Stellaris – How to Abandon a Planet

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Managing planets in Stellaris can be one of the most fun aspects of the game. Micromanaging the tiny details to maximize planet output is the reason I play grand strategy titles like Stellaris.

For whatever reason, you may decide that a certain planet doesn’t deserve a place in your empire. If that is the case, you may decide to abandon that planet.

Recommended Read: How to Conquer a Planet in Stellaris

Unfortunately, there isn’t an abandon planet button you can click to do everything for us. We must be more deliberate in leaving behind our unwanted planets.

We can abandon planets in Stellaris by; getting the population of the planet to zero, giving it away to another empire, or creating a vassal based on the planet.

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How to Abandon a Planet in Stellaris

There may be several reasons why you decide it’s time to abandon a planet in Stellaris.

Here are the different ways to abandon a planet in the game:

  • Give the planet away
  • Get the population of the planet to zero
  • Create a vassal

You can find more details on each of these methods below.

Give the planet away

By far, the easiest way to abandon a planet is to give it to another empire. This will result in losing the entire system and not just the planet, so be mindful of that.

If you have positive relations with another empire, you will gain the  diplomacy option “Transfer System.” Select this, then select the system containing the planet, and poof.

That nuisance planet is gone as easy as that.

Systems containing colonized planets are valuable. You can give the system away for free if you want.

The savvy player can use this opportunity to ask for resources from the empire you are trading with. I mean, you were giving it away anyway, so why not get paid too?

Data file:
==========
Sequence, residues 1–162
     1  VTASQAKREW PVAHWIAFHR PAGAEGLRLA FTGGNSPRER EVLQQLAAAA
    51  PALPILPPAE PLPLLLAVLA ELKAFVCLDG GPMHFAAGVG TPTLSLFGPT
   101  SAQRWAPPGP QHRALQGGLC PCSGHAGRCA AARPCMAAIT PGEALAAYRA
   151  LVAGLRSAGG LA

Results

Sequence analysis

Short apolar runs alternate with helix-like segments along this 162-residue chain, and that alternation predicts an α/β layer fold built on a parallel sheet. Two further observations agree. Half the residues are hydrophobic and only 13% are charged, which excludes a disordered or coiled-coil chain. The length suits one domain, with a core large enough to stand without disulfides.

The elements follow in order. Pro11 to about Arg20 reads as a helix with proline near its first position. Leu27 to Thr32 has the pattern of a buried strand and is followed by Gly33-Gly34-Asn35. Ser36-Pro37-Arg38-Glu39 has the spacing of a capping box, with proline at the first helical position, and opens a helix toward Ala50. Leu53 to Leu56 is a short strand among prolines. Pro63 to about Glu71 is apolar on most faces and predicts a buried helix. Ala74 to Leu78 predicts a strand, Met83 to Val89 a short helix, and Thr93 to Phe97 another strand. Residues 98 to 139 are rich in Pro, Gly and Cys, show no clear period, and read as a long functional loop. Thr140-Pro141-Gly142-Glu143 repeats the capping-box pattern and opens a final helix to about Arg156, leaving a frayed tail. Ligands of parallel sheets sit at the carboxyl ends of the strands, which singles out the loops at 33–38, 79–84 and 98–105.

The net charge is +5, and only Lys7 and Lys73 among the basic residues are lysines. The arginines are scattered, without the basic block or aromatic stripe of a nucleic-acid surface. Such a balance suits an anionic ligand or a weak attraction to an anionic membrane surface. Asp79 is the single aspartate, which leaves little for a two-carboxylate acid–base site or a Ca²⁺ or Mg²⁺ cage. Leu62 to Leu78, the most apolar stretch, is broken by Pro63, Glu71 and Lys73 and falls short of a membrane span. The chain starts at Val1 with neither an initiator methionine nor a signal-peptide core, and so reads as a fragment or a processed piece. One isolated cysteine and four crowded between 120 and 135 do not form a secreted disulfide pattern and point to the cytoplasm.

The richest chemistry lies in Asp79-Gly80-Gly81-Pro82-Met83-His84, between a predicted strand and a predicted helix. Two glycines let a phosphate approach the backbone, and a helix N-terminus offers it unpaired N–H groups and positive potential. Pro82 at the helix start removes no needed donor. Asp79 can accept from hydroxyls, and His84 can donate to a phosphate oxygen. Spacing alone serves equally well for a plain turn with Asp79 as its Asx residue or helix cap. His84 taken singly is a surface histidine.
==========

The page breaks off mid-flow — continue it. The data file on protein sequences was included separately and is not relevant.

Get the population of the planet to zero

If a planet’s population ever reaches zero, it reverts to its uncolonized state. Doing this is not as easy as it sounds; it will cost time, resources, or both.

If your empire’s policies allow it, you may forcibly remove all pops from one planet to another.

Of course, you will need to make sure the receiving planet has the resources to handle an influx of pops. Otherwise, you are solving one problem and creating a new one straight away.

Moving pops around this way costs energy and unity. The base cost of resources is affected by the moving pops rank. The higher the rank, the higher the cost.

Secondly, we can purge all the pops on the planet. This option won’t be available to all empires and can take a long time if the population of the world is high. This is a great option for genocidal empires, as purging pops yields rewards.

Create a vassal

While this isn’t technically abandoning a planet, it does make it someone else’s problem. Creating a vassal empire will create a new empire in the system with the undesired planet.

This is a more flexible method than giving the planet away because you can spend influence to reclaim the planet later. Also, you create yourself an ally, and in a galaxy filled with wars, that can only be a good thing.

Owners of the Overlord DLC will have a lot more options when creating vassals too. Vassal contracts can be modified with influence as soon as the vassal state is formed. This could make your vassal a very useful ally for the rest of your playthrough.

Getting rid of planets isn’t something that happens very often when playing Stellaris. If the need does come up, though, knowing how to can only make you a better player.

Why would you abandon a planet?

There are multiple reasons you may decide to abandon a planet during your Stellaris campaigns. Ranging from the personal to the tactical.

Managing planets is tough, especially if you are new to the game. We were all there once, don’t worry. Don’t be ashamed of abandoning a planet if you feel you have too much to manage.

There is a mechanic in the game called “Empire Size.” The more planets you have, the bigger your Empire Size becomes. Having empire size over your cap causes penalties to your empire’s advancement.

The planet might suck. It may have a poor habitability score or be a tiny moon with no precious resources. Investing in these planets may end up costing you money in the long run.

Finally, you may not want the planet. I know some players like to role play as their empire and if a planet doesn’t align with their vision. It gets cut.

That’s how you abandon planets in Stellaris.

If you have any suggestions for this guide, please let us know in the comments section. Good luck with your next space empire.

Simon Neve

Simon lives in Northern Ireland with his wife and two children. When not caring for his family, Simon enjoys video games, board games, and tabletop roleplaying games. When playing isn't an option he writes about them instead.

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